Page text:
He got on the floor and stayed there for a lot of the same reasons he carved out a role in soccer and in tennis. His basketball IQ is incredible, he’s an excellent team defender and he wasn’t afraid to make suggestions to coaches if he thought it would put the Eagles in a better position to win.
“He’s a fierce competitor,” said Covenant coach Clark Walker. “You look at him and he doesn’t have an incredibly huge physical build but he’s one of the most mentally tough athletes at Covenant.”
That Covenant boys basketball squad was one of the most impressive stories of the winter season, rallying around junior Jonas Sanker’s electric scoring ability to win two state tournament games and advance to the VISAA D3 state final four. It was the first time in 11 years that the Eagles had even won a state tournament game.
“The progression throughout the season was really interesting, I haven’t really seen that with one season,” Alley said. “And it was just amazing cause I love basketball. Basketball is a passion of mine but just going that far with that group meant a lot to us.”
That basketball run that ended in the state final four set the stage for what had the potential to be an exciting finish to his high school career in the sport he’s set to play in college. Like soccer, Alley has developed steadily in tennis after picking the sport back up in high school. He went from being just outside the ladder as a freshman to making the top six as a sophomore and getting a chance to pair up with Degiorgis, one of his best friends, in doubles.
During that stretch, he’s become a much more confident tennis player according to Gaffney, transforming his game mentally to become the kind of player that can contribute to a collegiate program.
Tennis is also the sport where his trademark physical build can be a major advantage.
“In soccer I kind of swim when I run, when I’m really trying to get somewhere,” Alley said. “It’s very interesting on film sessions because nobody can stop laughing. But in tennis, you know, I got these long, skinny arms, I can just get anywhere to touch the ball — I just really don’t give up in tennis. Like if the ball drops, I’ve got to get there or I’m going to be really mad at myself.”
Alley’s tenacity is why in the last two seasons of tennis, he has risen to the occasion late in the year. Two seasons in a row, Alley has defeated a foe in the state finals — both times against Steward — that he lost to in the regular season. In one of those, he’d lost 10-1 to Steward’s No. 5 and flipped his entire approach to win 10-7 in the rematch. Upsets are fairly rare in high school tennis up and down the ladder, so finding a way to bounce back from a loss and scrap and claw to get a win on the biggest stage that level of the sport has to offer — the team state championships — is particularly impressive.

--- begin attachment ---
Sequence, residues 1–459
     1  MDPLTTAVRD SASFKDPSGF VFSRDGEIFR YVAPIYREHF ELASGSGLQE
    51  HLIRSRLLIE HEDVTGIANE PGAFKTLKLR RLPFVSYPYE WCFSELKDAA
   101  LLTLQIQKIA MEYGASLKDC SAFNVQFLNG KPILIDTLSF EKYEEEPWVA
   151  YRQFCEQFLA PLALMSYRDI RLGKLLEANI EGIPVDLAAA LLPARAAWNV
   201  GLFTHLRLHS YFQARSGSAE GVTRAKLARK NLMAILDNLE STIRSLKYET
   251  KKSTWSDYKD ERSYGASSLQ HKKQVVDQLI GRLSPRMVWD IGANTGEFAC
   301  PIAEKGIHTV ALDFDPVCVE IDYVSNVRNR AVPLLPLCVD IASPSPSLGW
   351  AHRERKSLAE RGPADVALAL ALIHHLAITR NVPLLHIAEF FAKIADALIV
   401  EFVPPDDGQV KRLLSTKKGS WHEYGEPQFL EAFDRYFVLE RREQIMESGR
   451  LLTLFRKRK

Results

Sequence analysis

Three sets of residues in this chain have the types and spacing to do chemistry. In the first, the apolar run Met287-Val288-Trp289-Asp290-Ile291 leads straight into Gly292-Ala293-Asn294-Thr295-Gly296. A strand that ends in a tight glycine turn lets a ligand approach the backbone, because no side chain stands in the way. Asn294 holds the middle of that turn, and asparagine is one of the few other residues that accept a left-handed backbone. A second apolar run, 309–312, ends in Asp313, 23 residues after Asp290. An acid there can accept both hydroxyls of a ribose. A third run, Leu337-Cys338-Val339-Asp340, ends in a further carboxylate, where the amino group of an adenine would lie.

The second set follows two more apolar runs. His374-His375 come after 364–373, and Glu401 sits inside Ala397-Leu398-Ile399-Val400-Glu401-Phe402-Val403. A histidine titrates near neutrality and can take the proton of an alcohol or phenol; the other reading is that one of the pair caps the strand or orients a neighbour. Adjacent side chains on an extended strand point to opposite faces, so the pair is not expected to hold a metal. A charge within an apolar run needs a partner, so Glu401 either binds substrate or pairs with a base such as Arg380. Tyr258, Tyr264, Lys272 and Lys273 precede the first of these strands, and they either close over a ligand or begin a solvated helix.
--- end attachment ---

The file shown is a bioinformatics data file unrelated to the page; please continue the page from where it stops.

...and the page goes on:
“That shows a lot about his competitive nature but also his willingness to think about an opponent differently and step up in the big competitions,” Gaffney said.
That’s one of Alley’s defining characteristics. Maybe he doesn’t immediately appear to be a super athlete and maybe his running style elicits a laugh during a team film session. But whether it was the soccer state semifinals and title game with a raucous student section supporting the Eagles, the renewal of the STAB basketball rivalry after years of the crosstown rivals not playing each other or a road game in front a hostile Virginia Episcopal crowd during hoops that was heckling him and chanting his name at one point, Alley loves a big stage.
“Coach Gaffney says ‘If there’s a camera on Bryce he’s going to play 10 times better’,” Alley said. “I just love the crowds. It’s so energizing. I’m going to go at it as hard as I can. And I think that’s a big part of my game.”
It’s a big part of his game that has served him well in high school and that he’ll now bring to the next level.
Odds are good that someone is going to underestimate Alley then too and like a lot of Covenant’s opponents over the years, they’re probably going to find out what a mistake they’ve just made.